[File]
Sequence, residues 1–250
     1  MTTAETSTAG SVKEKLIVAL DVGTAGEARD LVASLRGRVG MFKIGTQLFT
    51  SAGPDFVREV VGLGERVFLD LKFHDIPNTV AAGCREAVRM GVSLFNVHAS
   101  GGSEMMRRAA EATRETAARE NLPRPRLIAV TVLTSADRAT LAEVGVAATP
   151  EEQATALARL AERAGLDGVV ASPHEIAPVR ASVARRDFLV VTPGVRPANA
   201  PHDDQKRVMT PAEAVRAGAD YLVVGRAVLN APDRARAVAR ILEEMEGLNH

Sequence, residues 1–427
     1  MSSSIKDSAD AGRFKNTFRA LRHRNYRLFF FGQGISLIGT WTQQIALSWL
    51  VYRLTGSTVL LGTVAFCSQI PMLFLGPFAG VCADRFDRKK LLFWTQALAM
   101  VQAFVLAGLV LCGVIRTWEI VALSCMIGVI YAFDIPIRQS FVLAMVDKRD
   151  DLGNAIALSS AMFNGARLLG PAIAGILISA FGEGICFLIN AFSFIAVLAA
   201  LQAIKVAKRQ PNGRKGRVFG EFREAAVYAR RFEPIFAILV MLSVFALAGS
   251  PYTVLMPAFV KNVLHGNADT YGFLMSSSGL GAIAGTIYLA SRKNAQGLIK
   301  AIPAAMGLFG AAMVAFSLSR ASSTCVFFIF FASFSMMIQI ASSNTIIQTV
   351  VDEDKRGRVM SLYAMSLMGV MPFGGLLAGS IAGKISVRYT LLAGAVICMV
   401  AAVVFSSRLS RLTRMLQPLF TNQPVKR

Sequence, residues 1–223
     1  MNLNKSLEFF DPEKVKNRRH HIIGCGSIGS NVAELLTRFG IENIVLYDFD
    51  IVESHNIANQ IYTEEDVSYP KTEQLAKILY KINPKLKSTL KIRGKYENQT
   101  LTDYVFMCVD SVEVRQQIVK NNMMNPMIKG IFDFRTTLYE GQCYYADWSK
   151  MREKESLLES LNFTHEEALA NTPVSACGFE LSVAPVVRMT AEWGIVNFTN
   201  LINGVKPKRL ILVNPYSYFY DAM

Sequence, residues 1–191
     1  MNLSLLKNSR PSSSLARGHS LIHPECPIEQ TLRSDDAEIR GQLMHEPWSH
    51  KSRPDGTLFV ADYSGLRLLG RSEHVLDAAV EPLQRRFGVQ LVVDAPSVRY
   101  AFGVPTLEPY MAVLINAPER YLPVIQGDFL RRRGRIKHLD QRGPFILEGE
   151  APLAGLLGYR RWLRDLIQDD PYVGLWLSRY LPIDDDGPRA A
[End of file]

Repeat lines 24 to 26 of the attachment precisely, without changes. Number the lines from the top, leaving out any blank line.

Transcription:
     1  MNLSLLKNSR PSSSLARGHS LIHPECPIEQ TLRSDDAEIR GQLMHEPWSH
    51  KSRPDGTLFV ADYSGLRLLG RSEHVLDAAV EPLQRRFGVQ LVVDAPSVRY
   101  AFGVPTLEPY MAVLINAPER YLPVIQGDFL RRRGRIKHLD QRGPFILEGE